Why Do People Smoke?
Smoking causes cancer. But what causes smoking?
The link between tobacco and cancer is very well established. Decades of research show that smoking increases the risk of at least 15 different types of cancer. And it’s not “news” anymore. When prompted, 94% of US adults recognize smoking as a risk factor for cancer.
We know that smoking is more common in some populations than others. But if most people know that smoking is bad for them, why do they smoke?
This question is fundamental to understanding inequalities in cancer, and the answer is very complex.
Around 4 in 10 cancer cases are preventable through activities such as avoiding smoking and keeping a healthy weight.
So, why do we continue to put our health at risk if we know how to be healthy?
For people who smoke, it’s not as simple as avoiding cigarettes because they’re unhealthy and costly. Some people are more likely to try a cigarette than others, and often uncontrollable factors can make all the difference. For many, that first puff paves the way to long-lasting addiction.
Why are some people more likely to smoke?
The factors that underly health and health behaviors are many and complex. These include the pressures and opportunities people have faced over the course of their life, as well as their current circumstances, collectively known as the wider determinants of health.
There are several forces at play, and it’s important to note that most people who start smoking do so as children.
Cigarettes have been engineered over time to be as addictive as possible. So if you start using them as a younger person, by the time you are older you are often so addicted that it is incredibly difficult to quit – especially without the proper support.
Children’s exposure and access to tobacco is determined by both environmental and social factors. And one of the most powerful determinants is the family environment – particularly parental smoking.
If your parents smoke, you are much more likely to smoke and continue to smoke. And a cycle is created.
A child born and raised in well-off areas in the US is going to be more protected from factors which make a child want to try a cigarette. This is most noticeable when compared to a child raised in more deprived areas.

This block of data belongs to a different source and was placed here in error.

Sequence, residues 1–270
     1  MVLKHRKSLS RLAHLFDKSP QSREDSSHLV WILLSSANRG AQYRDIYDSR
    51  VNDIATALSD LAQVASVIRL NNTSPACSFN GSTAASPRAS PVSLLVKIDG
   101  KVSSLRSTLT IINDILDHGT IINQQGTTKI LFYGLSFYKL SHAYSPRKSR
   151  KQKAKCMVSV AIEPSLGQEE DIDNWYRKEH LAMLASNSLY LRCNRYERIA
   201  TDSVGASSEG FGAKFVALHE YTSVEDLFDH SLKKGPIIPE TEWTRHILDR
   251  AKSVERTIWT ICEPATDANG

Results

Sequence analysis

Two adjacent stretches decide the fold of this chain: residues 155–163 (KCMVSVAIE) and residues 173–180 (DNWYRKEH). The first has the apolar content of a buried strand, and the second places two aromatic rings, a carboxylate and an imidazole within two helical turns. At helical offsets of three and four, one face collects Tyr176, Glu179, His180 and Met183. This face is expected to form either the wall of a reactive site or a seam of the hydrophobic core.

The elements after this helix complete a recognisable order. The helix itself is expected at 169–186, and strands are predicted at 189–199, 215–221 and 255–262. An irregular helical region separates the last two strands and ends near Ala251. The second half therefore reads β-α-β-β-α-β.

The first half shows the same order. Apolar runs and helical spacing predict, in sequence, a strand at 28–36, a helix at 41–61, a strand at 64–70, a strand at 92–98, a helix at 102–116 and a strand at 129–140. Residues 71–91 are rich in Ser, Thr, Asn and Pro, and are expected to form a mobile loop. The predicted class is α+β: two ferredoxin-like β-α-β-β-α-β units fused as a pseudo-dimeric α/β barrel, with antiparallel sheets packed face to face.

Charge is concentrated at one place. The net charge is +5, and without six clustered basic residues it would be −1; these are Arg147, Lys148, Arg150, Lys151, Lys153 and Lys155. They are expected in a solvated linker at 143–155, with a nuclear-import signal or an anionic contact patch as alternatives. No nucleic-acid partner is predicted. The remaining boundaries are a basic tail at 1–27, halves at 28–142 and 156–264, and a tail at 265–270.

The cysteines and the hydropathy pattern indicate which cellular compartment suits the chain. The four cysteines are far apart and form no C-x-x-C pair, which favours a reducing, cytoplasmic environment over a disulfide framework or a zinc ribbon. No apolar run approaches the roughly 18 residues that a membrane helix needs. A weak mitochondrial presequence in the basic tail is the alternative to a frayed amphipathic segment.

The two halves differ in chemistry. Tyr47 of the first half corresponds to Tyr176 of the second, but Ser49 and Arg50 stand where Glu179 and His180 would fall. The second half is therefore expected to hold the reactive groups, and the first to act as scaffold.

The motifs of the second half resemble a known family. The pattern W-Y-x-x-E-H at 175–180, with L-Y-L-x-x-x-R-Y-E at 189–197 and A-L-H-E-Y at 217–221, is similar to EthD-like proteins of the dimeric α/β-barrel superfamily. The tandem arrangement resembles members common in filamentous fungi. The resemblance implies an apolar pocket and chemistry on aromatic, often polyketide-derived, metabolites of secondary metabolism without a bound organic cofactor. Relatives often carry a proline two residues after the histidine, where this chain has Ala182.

What might this look like in real life? A child living in a more deprived area might live with someone who smokes, grow up close to more shops that sell cigarettes, be exposed to more tobacco imagery in the media, and have friends who smoke.
Seeing something regularly can make that thing seem more normal and less risky. Even if children are told that cigarettes are health risks, they are less likely to avoid cigarettes if they see them in media, for sale where they live, or see family and friends who have been subject to the same pressures.
Smoking and Mental Health
Of course, it’s not just the industry which puts some groups at higher risk of tobacco harm. There are many other reasons for higher smoking rates in some marginalized groups, as indicated by the infographic below provided by the CDC:
For example, both LGBTQ+ groups and more deprived groups are more likely to experience mental health difficulties compared to the general population. And people living with mental health conditions are, themselves, at a higher risk of smoking.
These overlaps are not mere coincidences. Inequalities in health, economics, and social marginalization are all inextricably linked. We need collaborative action across government and society to address health disparities. But it’s also important to look at the direct drivers of smoking within specific groups.
Another memorable telehealth session was with my pain management specialist. While she was very seriously looking at my MRI’s on her other computer screen, a little voice appeared in her background: “mommy, mommy, I got it!” After positively affirming her daughter, my pain management specialist sheepishly looked at me and said in a smile, “she’s been working on that tooth all day. Sorry, I guess it’s the nature of telehealth”.
What can people who want to stop smoking do?
With wider determinants in mind – along with targeting by the cigarette industry, and access to support services varying greatly – it’s no wonder some groups find it difficult to be healthy, and are more likely to use tobacco and be affected by tobacco-related cancers.
Knowing about the wider determinants of health can sometimes feel disempowering. With such powerful forces at play, is there any hope for someone who is trying to reduce their own risk of cancer by stopping smoking?
There are things that an individual who smokes can do to increase their chances of successfully quitting.